Equity & Difference Lecture: K. Tsianina Lomawaima (Professor, School of Social Transformation, Arizona State University), "More than mascots! Less than citizens? American Indians talk: Why isn't the U.S. listening?" Thursday, February 10, 7:30pm in Kane 120. Free, but advance registration is required. Register: http://goo.gl/5297ba Lecture presented by the UW Graduate School.

Simpson Center: Artist Fabrice Monteiro critically reimagines global pasts, presents, and futures—from the transatlantic slave trade to contemporary environmental crises. Join him in a conversation with Stephanie Smallwood (History, University of Washington) and Mark Auslander (Anthropology & Museum Studies, Central Washington University). Thursday, February 11, 4-5:20pm in Communications 120. Event sponsors: African Studies, Anthropology, Comparative History of Ideas, English, French & Italian Studies, History, Latin American Studies, the Ketcham Endowment, and the Simpson Center for the Humanities.

American Ethnic Studies: Opening remarks from: Chris Teuton (AIS chair, UW). Juan Guerra (AES chair, UW) will moderate a conversation among Steve Sumida (Professor, AES, UW), Dian Million (Associate Professor, AIS, UW) and Shirley Yee (Professor, GWSS, UW). "Intersectionality: A Forum on Race & Equity." Thursday, February 11, forum 5:30-7:00pm, reception 7:15-9pm in Kane 225 (Walker Ames Room). Sponsored by the Departments of American Ethnic Studies, American Indian Studies, and Gender, Women & Sexuality Studies. Please RSVP: 206-543-5401/aes@uw.edu

American Ethnic Studies Job Talk: LaTasha B. Levy (Visiting Lecturer, Carter G. Woodson Institute for African American Studies, University of Virginia), "Black Power in the Republican Party: The Promise and Peril of Inclusion Politics, 1968-1978." Monday, February 12, 3:30-5pm in Communications 202.

Neighborhood House: "We Are Seattle: Stories from Families, Immigrants, Refugees & the Agencies that Serve Them." What is it like to be an immigrant or refugee in Seattle? How do we address their needs and celebrate their strengths? How have world events and national politics impacted our communities? Join us to share your perspective, hear from our panel, and explore images of Seattle’s changing populations. Tuesday, February 16, 6:30-8:30pm in Thomson 101.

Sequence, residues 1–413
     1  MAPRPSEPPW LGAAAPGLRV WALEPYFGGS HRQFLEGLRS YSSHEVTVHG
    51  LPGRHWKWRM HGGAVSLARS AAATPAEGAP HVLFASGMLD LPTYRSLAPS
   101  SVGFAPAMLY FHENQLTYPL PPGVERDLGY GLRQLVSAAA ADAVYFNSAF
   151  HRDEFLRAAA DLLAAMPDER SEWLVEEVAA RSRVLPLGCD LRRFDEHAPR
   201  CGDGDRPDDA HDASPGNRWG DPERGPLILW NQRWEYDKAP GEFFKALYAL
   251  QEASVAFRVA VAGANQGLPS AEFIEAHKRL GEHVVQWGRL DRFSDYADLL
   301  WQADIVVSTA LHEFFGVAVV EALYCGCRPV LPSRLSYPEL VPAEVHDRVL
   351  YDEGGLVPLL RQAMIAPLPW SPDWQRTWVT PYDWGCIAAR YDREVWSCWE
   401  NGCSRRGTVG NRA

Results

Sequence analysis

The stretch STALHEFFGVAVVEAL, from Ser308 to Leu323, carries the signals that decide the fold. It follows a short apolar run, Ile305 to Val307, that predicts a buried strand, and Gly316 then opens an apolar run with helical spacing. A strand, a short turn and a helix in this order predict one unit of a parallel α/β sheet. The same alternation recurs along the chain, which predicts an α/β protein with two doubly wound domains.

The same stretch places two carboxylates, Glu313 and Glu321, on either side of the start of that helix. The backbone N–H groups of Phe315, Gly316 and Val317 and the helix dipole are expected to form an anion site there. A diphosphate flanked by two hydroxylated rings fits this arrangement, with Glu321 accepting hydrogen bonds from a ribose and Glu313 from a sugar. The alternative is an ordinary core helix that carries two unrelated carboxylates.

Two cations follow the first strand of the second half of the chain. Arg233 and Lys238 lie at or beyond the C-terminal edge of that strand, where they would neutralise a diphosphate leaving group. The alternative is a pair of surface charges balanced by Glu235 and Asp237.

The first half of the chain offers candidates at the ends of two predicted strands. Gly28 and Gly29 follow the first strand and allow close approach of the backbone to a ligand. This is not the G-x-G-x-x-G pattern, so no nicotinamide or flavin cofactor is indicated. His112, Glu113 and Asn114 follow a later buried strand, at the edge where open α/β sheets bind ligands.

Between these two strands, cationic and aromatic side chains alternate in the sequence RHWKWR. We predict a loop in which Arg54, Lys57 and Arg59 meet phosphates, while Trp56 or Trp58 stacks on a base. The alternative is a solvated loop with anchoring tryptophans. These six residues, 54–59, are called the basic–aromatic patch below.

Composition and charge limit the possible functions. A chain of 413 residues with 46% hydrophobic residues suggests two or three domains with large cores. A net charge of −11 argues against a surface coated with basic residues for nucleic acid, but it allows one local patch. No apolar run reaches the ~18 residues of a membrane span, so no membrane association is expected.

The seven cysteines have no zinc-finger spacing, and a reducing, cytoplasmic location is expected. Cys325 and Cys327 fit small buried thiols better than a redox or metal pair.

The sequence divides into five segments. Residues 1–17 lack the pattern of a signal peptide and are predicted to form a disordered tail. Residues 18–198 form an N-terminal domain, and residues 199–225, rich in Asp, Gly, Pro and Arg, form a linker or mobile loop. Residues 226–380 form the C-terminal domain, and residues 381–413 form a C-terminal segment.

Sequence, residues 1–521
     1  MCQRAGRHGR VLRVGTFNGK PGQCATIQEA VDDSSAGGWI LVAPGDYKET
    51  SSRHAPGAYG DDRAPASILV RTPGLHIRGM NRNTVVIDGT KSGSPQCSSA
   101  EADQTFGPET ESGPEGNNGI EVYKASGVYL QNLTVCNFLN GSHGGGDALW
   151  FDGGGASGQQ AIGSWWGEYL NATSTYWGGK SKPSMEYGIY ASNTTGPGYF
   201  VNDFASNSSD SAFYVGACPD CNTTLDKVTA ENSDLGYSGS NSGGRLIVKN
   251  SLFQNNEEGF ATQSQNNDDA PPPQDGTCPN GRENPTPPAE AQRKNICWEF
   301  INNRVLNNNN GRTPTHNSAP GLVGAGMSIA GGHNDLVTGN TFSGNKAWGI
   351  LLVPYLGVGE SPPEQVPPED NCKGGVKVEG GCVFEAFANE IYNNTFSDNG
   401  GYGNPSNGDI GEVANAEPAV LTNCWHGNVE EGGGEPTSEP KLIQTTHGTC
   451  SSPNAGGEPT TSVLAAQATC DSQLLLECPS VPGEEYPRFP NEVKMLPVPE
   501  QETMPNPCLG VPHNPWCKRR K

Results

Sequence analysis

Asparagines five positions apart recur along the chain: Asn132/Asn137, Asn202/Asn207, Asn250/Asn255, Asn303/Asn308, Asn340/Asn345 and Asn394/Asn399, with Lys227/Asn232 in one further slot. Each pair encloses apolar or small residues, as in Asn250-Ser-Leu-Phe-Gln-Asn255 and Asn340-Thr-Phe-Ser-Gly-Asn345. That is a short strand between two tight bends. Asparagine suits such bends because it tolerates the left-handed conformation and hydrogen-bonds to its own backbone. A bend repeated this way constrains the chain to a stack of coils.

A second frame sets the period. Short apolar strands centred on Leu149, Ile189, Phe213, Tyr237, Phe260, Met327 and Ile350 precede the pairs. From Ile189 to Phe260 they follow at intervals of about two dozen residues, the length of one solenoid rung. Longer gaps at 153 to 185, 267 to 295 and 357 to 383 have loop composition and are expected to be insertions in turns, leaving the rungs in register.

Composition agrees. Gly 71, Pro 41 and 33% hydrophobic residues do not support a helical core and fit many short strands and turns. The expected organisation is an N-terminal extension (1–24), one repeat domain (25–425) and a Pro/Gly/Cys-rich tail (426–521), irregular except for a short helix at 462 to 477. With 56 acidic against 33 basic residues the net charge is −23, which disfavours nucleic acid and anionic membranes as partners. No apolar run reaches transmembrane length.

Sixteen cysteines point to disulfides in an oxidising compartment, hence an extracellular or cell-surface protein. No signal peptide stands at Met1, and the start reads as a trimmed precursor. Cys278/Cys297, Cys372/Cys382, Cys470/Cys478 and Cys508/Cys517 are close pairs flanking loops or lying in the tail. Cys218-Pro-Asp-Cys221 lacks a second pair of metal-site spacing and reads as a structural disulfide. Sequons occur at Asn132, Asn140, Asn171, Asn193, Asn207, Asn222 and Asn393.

Humanities Washington & KUOW: Speakers Abby Brockway (a member of the Delta 5 and part of the environmental activist group Rising Tide Seattle), Richard Gammon, (Professor Emeritus, Oceanography and Chemistry, UW) and Megan Ming Francis (Assistant Professor, Political Science, UW) will discuss "The Necessity Defense: Climate Change and Civil Disobedience." Discussion moderated by Ashley Ahearn (KUOW environmental reporter). Wednesday, February 17, 7-9pm at the Naked City Brewery (8564 Greenwood Ave N., Seattle, WA 98103).

Jackson School: Speakers David Bachman (Professor, International Studies, Jackson School for International Studies, UW), Gary Hamilton (the Henry M. Jackson Professor of International Studies, Jackson School of International Studies, UW.), Jeff Hou (Professor and Chair, Landscape Architecture, UW) and Stevan Harrell (Professor of Anthropology and of Environmental and Forest Sciences, UW) will discuss "Taiwan's 2016 Elections: Retrospect and Prospect." Thursday, February 18, 7-9pm in Kane 225.

 

Please send newsletter items to Catherine (cquinn83@uw.edu) by Noon on Thursdays.